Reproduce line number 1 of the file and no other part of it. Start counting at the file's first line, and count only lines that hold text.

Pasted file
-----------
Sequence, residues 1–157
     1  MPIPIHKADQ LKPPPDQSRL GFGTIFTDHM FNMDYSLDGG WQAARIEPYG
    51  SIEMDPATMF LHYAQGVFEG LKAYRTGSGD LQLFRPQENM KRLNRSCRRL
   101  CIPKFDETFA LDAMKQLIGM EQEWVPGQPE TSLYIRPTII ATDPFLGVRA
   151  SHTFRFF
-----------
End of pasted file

Sequence, residues 1–157